The crown prince of the most influential political empire in modern South Carolina history was sentenced to two years of probation on Monday morning for his role in an ongoing corruption scandal.
That’s right … no jail time.
Two months ago, the 52-year-old former powerbroker pleaded guilty to one count of misconduct in office stemming from his role in #ProbeGate – an ongoing, multi-jurisdictional investigation into corruption in state government exclusively unearthed by this news site nearly three-and-a-half years ago.
The prosecutor in the case – S.C. first circuit solicitor David Pascoe – had asked Mullen to lock Quinn up for a full year (the maximum prison time associated with his charge) in the hopes of sending “a message” to other corrupt lawmakers.
She declined to jail him at all …
Instead, Quinn was fined $1,000 and sentenced to 500 hours of community service.
“Crime does pay,” one veteran state lawmaker told us in response to the verdict.[timed-content-server show=”2018-Jan-17 00:00:00″ hide=”2018-May-18 00:00:00″]
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In addition to refusing to jail Quinn, Mullen repeatedly rebuffed Pascoe’s efforts to revisit his plea agreement – which has become the focus of significant controversy after our exclusive report last month.
Pascoe objected to Quinn being sentenced on the grounds that the plea he entered was invalid. Mullen told him to sit down and file an appeal.
“The plea is valid,” the judge told Pascoe – saying it was “clear” Quinn admitted to his crime.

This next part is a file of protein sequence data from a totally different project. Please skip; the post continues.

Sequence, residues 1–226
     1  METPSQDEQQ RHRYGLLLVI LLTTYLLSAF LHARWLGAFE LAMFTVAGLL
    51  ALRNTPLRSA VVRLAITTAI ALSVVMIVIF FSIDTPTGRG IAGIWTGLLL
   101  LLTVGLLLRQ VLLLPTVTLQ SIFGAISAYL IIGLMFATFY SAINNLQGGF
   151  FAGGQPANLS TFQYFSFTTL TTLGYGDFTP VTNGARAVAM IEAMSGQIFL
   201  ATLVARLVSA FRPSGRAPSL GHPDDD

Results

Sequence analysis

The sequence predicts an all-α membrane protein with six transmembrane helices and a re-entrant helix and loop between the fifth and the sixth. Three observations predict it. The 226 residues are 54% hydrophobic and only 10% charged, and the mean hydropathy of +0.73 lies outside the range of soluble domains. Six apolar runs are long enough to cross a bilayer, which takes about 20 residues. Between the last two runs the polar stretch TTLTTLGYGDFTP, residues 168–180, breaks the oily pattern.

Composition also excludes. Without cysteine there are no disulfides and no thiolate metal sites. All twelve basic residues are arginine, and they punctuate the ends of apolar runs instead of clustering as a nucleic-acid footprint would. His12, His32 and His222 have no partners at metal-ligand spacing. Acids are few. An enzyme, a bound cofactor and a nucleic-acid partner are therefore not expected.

Pascoe told Mullen she was making a mistake.
#ProbeGate has centered around powerful corporate and governmental interests represented by the consulting firm of Quinn’s influential father – “Republican” political strategist Richard Quinn. The elder Quinn was facing a criminal conspiracy charge – however it was dropped in December as part of his son’s plea deal.
On Monday, the elder Quinn’s firm was fined $2,500 and ordered to pay $3,000 restitution related to an improper lobbying charge leveled against the company.
“Richard Quinn, Sr. has been totally vindicated,” his attorney Deborah Barbier told reporters after the hearing.
Legally, perhaps …
Over the course of the #ProbeGate investigation, Pascoe has painted a damning picture of how wealthy interests paid the elder Quinn’s firm to leverage the influence of various elected officials in its orbit. In fact just days before Quinn’s hearing, The (Charleston, S.C.) Post and Courier broke a story detailing how a wealthy association of trial lawyers hired “the Quinndom” to help block a tort reform bill pushed by former governor Nikki Haley.
“We hired Richard and Rick for which they get paid about $100,000 a year,” one of the emails bluntly stated.
How are these people now getting off?
Pascoe agreed to cut deals with the Quinns – a huge gamble – because he believed it would help him land higher value targets as the investigation progressed.
“We’re going to find out a lot next month,” Pascoe told Mullen in court last December, referring to testimony the elder Quinn was to provide a statewide grand jury in January.
Pascoe also indicated he planned on charging the elder Quinn with perjury and obstruction of justice if he failed to answer truthfully when called to testify before the statewide grand jury.
The status of those proceedings would now appear to be very much in the air …
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